Yeah, I never understood that either. The conversations about this were positively alive and often times on fire. Leave it up to me to have friends that would happily throw gasoline on this issue. Unfortunaely, I was sidelined since I wasn't friends with the original posters. That's about the time that it hit me: I have a blog and I can say what I want on it. So, what I was aching to tell everyone that I couldn't post to was that this issue is a triple-stacked bullshit sandwich. Here are the layers of uncomfortable facts that everyone loved to ignore:
SEX REASSIGNMENT IS INCOMPLETE!
Crossfit's reasoning behind telling Johnson that she has to compete in the men's CF games because being born a man gives her too-significant advantages over the rest of the natural-born women to assure a fair contest. The counter-argument is that since California legally recognizes her as a woman after going through the obligatory chopAdickFromy procedure, getting some fake boobs, and taking the right hormones to feminize her body. After all, the Olympics has long-recognized transvestite athletes and allowed them to compete in their newly adopted sex. So, what leg does Crossfit have to stand on?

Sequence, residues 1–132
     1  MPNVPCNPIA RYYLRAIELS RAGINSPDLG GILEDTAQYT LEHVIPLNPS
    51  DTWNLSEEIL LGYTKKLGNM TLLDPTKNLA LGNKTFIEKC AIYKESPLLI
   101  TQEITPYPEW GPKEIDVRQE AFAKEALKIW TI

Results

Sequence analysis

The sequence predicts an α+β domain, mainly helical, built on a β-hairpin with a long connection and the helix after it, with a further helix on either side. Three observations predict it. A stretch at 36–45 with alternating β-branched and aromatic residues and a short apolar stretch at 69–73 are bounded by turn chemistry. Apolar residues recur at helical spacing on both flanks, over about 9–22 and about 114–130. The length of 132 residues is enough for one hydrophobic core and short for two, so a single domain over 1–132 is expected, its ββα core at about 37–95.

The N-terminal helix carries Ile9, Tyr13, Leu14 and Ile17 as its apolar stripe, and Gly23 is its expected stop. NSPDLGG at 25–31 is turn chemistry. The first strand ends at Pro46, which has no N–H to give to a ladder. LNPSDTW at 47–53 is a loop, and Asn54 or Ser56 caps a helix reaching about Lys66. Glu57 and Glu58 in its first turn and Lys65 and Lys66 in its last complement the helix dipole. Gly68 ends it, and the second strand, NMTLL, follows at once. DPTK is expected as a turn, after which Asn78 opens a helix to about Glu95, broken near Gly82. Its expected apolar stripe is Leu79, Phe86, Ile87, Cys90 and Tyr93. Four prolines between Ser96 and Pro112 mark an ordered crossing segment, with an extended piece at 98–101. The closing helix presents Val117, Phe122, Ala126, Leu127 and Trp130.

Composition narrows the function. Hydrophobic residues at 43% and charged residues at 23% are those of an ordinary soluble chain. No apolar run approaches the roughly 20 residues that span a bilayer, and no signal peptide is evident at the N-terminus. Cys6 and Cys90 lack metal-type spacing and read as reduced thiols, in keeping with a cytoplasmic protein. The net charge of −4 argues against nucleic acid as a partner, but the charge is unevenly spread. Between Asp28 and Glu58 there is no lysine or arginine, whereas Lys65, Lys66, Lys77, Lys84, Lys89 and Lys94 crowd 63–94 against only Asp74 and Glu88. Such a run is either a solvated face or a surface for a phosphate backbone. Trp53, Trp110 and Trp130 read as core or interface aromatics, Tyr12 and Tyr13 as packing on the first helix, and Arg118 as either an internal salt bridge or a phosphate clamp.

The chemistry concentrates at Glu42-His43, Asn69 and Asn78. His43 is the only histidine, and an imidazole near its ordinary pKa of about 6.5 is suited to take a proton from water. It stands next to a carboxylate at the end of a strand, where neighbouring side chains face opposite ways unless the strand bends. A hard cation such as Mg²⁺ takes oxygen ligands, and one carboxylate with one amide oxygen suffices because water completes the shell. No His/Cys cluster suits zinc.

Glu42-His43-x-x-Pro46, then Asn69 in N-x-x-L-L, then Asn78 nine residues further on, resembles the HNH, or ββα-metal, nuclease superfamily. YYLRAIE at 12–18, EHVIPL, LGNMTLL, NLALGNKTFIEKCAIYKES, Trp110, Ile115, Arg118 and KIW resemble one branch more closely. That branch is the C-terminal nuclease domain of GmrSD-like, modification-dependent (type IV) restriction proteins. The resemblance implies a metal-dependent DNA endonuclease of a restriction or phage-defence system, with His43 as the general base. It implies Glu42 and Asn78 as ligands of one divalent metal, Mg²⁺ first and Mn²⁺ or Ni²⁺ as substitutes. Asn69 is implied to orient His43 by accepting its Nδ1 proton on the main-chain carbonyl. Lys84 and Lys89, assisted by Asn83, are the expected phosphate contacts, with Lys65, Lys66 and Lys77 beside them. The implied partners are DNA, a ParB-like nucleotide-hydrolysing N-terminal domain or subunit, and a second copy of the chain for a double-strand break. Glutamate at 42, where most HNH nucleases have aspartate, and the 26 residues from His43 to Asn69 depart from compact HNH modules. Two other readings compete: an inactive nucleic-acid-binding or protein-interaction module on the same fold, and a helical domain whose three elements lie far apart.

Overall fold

Frankly, probably the right one... even if few want to acknowledge it.
What people fail to take into consideration is that Gender Reassignment Surgery (GRS) is a biologically incomplete process. Yes, it takes a man/woman and makes them look and feel like the opposite sex but that doesn't address the other differences between men and women. A characteristic of every, single mammal is that the males are typically built bigger and stronger. Relevant to our discussion here, they have bigger, thicker bones (why archeologist can identify millennia-old skeletons as male or female, in part), more muscle mass (why male fighters can cut more weight than women: they can have more meat to dry out), thicker tendons and ligaments (why women are more likely than men to tear ACL's), and those tendons insert and attach in differing positions that make a male capable of producing more power than a female.
Does GRS go through the effort of re-positioning tendons, thinning those tendons down, removing extra muscle mass, and changing bone structure?